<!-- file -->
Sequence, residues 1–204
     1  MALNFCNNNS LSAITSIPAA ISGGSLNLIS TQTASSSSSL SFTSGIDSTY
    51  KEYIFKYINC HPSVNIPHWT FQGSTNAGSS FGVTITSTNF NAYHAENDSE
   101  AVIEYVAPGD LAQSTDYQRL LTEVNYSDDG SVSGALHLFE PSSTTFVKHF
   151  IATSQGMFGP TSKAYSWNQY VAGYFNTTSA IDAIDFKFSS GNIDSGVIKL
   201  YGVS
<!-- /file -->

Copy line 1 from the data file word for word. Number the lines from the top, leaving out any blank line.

Sequence, residues 1–204